Ronald Boire, CEO of Sears Canada, will take the top post at the bookseller in September, and current CEO Michael Huseby will become executive ...
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Further on the shipping front, the e-tailing group found that online retailers on average were charging 14% more for delivery this year over last. The average charge for standard delivery was $5.40 vs. $4.73 last year. “But we found a lot of retailers who had outrageously high shipping charges-$7, $8 even $9,” Freedman says.
By the end of the Christmas shopping season, 58% of consumers had actually bought a holiday gift online, up from 47% a year earlier, reported the Consumer Business Practice of Deloitte & Touche LLP in the fourth of its annual year-end survey of consumers’ online and offline shopping. And 2% of consumers had completed all their Christmas shopping online. Yet another group had shopped online but not bought, indicating that Internet retailing has integrated itself into the shopping routine of mainstream America. That’s good news for e-retailers, but it also means that any more growth will have to come from selling more to the mainstream-and that means the pressure to perform will be on. “I take that growth as a sign that the web is approaching channel maturity,” says Carl Steidtman, chief economist of Deloitte Research. “We are approaching the point where it will be difficult to add to those numbers.”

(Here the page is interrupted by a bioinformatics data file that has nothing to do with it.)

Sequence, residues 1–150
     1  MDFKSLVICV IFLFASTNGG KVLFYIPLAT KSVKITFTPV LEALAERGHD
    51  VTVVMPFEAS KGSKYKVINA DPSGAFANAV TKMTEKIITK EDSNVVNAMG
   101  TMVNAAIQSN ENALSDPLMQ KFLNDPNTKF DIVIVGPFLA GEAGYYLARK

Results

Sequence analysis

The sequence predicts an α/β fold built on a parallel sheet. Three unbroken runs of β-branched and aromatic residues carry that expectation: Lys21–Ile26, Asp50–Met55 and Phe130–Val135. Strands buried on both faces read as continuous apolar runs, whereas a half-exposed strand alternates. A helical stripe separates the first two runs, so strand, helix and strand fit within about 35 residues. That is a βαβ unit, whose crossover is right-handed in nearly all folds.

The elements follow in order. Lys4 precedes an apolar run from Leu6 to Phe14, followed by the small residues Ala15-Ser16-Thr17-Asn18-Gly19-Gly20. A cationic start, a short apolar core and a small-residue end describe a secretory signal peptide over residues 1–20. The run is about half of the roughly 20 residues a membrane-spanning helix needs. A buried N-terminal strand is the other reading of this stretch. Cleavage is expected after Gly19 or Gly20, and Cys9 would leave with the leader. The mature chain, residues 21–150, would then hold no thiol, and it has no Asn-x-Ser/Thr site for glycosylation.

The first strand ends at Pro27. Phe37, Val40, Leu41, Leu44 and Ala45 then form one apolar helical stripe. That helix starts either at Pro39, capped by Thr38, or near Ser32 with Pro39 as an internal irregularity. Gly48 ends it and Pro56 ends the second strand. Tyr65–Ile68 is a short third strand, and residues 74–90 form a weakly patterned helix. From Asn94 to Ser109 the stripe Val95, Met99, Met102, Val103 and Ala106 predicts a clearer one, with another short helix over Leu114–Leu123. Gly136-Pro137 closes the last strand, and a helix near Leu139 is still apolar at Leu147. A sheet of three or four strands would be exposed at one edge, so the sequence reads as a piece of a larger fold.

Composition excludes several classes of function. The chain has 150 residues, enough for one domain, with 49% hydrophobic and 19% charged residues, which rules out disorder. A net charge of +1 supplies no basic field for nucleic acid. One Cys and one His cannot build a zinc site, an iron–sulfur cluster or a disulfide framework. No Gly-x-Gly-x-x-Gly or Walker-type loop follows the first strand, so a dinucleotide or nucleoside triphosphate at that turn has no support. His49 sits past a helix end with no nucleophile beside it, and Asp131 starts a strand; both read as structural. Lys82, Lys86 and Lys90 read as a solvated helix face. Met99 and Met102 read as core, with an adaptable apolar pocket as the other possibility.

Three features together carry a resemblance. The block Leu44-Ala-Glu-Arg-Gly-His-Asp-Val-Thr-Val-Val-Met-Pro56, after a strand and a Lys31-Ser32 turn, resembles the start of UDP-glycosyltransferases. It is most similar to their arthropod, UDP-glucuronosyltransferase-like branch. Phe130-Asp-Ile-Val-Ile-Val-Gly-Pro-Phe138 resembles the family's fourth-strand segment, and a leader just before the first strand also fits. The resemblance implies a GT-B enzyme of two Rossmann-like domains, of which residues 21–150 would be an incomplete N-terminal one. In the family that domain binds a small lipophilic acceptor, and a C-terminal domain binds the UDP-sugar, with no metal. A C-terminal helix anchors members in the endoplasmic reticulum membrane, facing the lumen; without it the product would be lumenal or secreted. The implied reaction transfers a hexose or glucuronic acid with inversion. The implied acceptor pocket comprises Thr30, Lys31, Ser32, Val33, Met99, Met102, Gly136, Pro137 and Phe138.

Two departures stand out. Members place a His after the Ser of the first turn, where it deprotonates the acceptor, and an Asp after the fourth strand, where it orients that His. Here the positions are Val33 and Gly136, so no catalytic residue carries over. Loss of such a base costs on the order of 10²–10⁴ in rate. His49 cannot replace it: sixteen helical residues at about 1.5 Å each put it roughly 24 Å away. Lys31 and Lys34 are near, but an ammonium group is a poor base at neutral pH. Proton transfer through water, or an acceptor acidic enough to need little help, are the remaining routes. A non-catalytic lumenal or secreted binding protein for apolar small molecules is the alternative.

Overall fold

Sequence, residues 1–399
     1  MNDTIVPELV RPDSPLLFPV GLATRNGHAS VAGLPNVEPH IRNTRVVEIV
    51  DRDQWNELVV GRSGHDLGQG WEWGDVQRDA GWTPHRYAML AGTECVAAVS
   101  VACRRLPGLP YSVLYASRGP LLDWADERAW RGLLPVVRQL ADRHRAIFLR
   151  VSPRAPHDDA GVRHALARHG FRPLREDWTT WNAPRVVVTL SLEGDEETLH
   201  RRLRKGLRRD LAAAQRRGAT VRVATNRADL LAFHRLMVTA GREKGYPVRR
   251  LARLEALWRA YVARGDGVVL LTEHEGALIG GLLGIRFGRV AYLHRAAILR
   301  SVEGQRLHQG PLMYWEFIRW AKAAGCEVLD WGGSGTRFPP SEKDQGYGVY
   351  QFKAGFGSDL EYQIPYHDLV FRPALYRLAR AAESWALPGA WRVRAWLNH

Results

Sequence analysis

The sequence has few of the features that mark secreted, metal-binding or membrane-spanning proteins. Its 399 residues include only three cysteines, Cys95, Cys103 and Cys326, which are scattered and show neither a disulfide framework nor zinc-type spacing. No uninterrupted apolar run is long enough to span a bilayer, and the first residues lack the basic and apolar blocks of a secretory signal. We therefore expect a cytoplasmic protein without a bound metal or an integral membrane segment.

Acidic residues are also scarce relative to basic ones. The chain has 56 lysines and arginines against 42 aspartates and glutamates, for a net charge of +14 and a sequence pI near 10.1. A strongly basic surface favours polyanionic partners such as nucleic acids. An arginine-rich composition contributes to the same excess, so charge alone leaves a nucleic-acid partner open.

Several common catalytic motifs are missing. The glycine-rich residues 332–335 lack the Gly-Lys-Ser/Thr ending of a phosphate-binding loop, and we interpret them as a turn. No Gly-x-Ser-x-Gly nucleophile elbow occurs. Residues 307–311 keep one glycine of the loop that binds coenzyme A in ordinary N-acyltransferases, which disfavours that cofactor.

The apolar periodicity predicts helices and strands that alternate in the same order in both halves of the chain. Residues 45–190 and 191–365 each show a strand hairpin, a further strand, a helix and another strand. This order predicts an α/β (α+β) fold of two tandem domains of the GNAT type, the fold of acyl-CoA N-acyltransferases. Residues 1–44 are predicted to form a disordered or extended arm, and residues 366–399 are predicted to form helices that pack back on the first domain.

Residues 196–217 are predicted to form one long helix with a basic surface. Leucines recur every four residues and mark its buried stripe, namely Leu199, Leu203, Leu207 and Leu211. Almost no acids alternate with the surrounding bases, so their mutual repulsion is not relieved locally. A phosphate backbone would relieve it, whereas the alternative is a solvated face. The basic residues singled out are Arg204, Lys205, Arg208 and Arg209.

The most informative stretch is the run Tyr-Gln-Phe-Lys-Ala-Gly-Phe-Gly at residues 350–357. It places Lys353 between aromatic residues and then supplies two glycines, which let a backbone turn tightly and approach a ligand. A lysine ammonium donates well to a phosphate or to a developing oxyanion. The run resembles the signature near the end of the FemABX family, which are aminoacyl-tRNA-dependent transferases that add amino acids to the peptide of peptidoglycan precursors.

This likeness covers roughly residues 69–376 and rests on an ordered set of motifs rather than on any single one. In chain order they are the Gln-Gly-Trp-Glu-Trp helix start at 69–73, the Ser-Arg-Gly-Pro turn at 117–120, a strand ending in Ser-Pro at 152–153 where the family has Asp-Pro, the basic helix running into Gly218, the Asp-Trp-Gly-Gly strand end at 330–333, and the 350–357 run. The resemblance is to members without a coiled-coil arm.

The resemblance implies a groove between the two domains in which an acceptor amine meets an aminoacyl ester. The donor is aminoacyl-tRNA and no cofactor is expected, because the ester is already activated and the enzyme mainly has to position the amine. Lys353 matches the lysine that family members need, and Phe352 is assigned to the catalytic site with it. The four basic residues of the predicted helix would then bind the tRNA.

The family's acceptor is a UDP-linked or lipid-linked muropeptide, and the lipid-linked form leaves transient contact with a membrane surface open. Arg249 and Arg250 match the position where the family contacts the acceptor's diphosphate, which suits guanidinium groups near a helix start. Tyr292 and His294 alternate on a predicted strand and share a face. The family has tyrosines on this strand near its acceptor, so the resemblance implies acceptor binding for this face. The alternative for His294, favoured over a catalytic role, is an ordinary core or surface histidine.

“Internet growth is slowing,” says Lori Iventosch-James, director of e-commerce research at Harris Interactive. “Growth in users is going to have to come from people who are not comfortable now using the Internet.”
At least acquiring those new customers should become less expensive, says yet another survey of online retailers. Customer acquisition costs fell 40% from the third quarter of 2000 to the third quarter of 2001, reports the Shop.org/Boston Consulting Group’s The State of Online Retailing report. Acquiring each customer cost $20 in Q3 2000 and $12 in Q3 2001, says the report. Keeping customers fell, too; retention cost per customer was $9 in Q3 2000 and $5 in Q3 2001.
|Online retail spending
in the Fourth Quarter
|Week ending:||(in millions)|
|Source: comScore Networks Inc. Average baseline week: $589 million.|
|*the weeks of 12/16, 23 and 30 are Internet Retailer estimates|